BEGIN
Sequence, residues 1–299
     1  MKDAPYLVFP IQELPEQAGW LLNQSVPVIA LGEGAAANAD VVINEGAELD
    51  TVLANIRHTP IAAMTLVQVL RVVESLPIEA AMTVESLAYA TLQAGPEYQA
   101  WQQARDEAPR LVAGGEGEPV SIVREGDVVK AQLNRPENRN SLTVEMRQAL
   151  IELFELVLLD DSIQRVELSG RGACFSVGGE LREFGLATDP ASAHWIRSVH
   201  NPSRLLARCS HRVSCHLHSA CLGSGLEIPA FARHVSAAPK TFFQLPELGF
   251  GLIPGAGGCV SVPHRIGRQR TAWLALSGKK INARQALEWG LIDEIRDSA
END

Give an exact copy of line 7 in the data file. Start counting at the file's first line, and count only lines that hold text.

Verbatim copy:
   251  GLIPGAGGCV SVPHRIGRQR TAWLALSGKK INARQALEWG LIDEIRDSA